2017 didn’t take long to happen, did it? Remember when a year was a long time? Now they seem to pass by so fast as we hurtle towards our mortality. It was a good year in some respects, a bad one in others.
It Was A Good Year For…
Women in football media
In 2017 there were more women presenting, commentating, reporting, writing and punditing on football than ever. What’s more they have been almost uniformly excellent. Perhaps we’ll only know we’ve got true equality when the media employ women who are as poor as the worst of the men.
After years and years of pushing for such changes, progress is finally being made and yes there is still some way to go, but we are on the road to a more fair, varied and interesting future which paints from the full rainbow palette. There is no turning back now and it has improved the whole of the football media markedly.
Those who once said there was no place for women in the men’s game, except as eye candy, have been successfully marginalised and, despite their screaming on Twitter about such matters (‘stop ramming women down my throat’ was my favourite comment), now increasingly seem like extremists and ever so slightly odd.
The value of coaching
Jose Mourinho’s cry for even more money in order to be able to compete with City suddenly sounded really old-fashioned, out-moded and defeatist, as though he had forgotten his job was to coach his excellent players to be even better. This was a pivotal moment which will not be forgotten.
There are still those who think all you do as a manager is buy all the best players and then sit back and wait to win everything. But this year we’ve seen how progressive, proactive and appropriate coaching can make even already excellent players great and good players, excellent. We’ve seen this in action at Spurs, Manchester City, Liverpool, Burnley, Watford, and at Crystal Palace too.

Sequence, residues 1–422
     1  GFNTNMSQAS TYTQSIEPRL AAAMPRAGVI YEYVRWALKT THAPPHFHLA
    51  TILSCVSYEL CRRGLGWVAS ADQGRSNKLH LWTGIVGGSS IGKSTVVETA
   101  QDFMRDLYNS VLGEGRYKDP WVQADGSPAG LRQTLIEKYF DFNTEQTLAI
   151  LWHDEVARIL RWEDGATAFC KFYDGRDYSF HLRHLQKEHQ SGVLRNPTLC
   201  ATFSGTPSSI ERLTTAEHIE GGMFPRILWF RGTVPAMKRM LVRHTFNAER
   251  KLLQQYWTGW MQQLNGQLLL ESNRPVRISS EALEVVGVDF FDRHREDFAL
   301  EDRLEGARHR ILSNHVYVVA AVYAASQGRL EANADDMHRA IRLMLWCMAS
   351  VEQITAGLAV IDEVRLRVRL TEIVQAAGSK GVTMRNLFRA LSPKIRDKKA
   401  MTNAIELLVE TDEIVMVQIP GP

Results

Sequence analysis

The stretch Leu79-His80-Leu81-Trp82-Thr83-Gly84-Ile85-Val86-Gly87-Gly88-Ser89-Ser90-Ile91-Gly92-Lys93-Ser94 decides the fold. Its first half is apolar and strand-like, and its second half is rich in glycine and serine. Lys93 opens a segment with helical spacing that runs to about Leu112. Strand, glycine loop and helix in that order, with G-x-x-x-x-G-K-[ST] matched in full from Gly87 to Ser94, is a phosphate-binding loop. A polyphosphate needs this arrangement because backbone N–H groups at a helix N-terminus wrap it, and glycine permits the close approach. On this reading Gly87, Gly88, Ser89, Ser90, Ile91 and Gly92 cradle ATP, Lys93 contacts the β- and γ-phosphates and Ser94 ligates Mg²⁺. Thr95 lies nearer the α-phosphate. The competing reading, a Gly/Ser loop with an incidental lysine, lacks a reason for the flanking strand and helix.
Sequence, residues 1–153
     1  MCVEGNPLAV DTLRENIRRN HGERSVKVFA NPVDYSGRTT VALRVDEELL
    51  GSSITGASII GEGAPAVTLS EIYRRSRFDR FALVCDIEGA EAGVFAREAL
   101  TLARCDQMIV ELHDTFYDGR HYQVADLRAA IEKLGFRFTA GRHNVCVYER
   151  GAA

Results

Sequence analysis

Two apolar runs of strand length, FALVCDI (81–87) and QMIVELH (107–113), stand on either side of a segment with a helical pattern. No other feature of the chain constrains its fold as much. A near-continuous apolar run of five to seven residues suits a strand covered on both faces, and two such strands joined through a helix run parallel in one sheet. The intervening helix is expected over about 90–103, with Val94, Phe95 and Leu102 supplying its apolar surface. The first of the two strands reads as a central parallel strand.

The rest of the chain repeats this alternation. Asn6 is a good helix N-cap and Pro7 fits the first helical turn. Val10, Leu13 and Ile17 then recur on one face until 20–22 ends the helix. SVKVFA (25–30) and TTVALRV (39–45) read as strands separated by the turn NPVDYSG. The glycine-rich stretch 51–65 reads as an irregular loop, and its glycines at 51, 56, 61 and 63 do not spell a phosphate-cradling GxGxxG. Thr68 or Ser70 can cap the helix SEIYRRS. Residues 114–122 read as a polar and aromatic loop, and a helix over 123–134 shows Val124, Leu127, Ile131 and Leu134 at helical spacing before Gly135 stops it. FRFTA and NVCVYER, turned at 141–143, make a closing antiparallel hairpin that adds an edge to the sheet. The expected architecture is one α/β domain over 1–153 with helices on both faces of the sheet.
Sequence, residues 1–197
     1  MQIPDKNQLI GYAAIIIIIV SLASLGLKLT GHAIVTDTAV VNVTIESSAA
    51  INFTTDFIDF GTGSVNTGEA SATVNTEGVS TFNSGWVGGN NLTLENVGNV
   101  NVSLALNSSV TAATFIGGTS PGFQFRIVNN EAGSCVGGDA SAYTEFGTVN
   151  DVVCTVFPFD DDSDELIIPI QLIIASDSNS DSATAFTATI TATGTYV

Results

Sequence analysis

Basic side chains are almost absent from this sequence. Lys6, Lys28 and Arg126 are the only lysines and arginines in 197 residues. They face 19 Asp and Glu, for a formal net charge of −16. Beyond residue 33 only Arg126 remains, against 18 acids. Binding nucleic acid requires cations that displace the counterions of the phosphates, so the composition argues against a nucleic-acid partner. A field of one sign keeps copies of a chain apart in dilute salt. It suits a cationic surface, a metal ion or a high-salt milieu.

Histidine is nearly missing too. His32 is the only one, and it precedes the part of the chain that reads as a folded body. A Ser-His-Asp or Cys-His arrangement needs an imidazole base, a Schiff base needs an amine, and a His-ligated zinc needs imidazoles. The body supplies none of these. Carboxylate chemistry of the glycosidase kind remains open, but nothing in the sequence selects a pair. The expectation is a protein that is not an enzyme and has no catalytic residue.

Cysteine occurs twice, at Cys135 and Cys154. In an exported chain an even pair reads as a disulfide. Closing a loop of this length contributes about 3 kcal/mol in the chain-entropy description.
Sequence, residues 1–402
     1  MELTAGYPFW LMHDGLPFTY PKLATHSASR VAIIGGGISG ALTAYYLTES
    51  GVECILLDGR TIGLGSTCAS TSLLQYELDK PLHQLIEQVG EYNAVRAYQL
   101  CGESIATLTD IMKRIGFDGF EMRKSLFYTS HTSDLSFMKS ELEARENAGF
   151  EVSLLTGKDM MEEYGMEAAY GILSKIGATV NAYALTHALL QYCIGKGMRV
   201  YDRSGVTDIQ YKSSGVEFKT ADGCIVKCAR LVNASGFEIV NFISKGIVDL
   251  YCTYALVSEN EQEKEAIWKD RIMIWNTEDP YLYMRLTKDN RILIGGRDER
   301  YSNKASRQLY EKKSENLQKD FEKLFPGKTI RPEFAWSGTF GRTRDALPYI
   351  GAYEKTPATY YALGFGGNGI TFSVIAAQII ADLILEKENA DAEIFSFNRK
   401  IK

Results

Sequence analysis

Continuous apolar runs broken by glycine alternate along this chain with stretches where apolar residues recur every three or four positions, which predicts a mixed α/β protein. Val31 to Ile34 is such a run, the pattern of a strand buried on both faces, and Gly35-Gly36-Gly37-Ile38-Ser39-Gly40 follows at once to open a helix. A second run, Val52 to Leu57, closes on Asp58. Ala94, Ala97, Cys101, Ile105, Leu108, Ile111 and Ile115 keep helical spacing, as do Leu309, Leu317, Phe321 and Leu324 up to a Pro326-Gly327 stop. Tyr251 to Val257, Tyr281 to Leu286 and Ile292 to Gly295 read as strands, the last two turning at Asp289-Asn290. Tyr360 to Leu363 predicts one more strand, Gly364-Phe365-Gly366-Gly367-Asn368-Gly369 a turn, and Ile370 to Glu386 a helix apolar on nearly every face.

That whole Marco Silva business
The subconscious, unthinking xenophobic ignorance as expressed by Phil Thompson and Paul Merson about the then new Hull City manager was so offensive on so many levels that all thinking and progressive football writers and fans rose up as one and put them down so powerfully that last week when Carlos Carvalhal was appointed Swansea City manager, none of them dared say (as they would have done, a year ago) that he wouldn’t know how to “dig in” or that he “wouldn’t have a clue” because he was foreign and had never worked in the Premier League.
And I’d wager we will never hear it again, in just the same way we never hear anyone described as a Proper Football Man anymore. This is all proof that collectively we can affect positive change.
Not being careful what you wish for
This year the argument of slack-jawed tripe merchants who season after season have told restless bored fans who wanted a change of manager (especially if British) to ‘be careful what you wish for’ was finally put to bed and the idea that paying for entertaining football was not in any way unreasonable won the day. Every fan has the right to feel they might get some fun for their overpriced ticket. Hanging on in quiet desperation is a terrible lifestyle choice.